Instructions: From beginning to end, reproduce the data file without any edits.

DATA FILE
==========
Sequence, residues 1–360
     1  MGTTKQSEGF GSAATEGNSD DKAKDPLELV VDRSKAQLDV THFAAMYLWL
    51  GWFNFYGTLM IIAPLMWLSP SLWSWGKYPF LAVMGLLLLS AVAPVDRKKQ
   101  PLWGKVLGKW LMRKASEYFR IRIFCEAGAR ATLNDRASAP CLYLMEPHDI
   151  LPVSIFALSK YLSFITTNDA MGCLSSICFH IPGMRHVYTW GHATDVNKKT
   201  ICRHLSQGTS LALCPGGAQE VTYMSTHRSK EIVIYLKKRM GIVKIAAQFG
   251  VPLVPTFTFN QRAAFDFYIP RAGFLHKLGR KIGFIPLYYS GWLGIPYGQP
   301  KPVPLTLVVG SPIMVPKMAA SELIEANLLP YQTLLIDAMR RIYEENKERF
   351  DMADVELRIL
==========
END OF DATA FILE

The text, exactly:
Sequence, residues 1–360
     1  MGTTKQSEGF GSAATEGNSD DKAKDPLELV VDRSKAQLDV THFAAMYLWL
    51  GWFNFYGTLM IIAPLMWLSP SLWSWGKYPF LAVMGLLLLS AVAPVDRKKQ
   101  PLWGKVLGKW LMRKASEYFR IRIFCEAGAR ATLNDRASAP CLYLMEPHDI
   151  LPVSIFALSK YLSFITTNDA MGCLSSICFH IPGMRHVYTW GHATDVNKKT
   201  ICRHLSQGTS LALCPGGAQE VTYMSTHRSK EIVIYLKKRM GIVKIAAQFG
   251  VPLVPTFTFN QRAAFDFYIP RAGFLHKLGR KIGFIPLYYS GWLGIPYGQP
   301  KPVPLTLVVG SPIMVPKMAA SELIEANLLP YQTLLIDAMR RIYEENKERF
   351  DMADVELRIL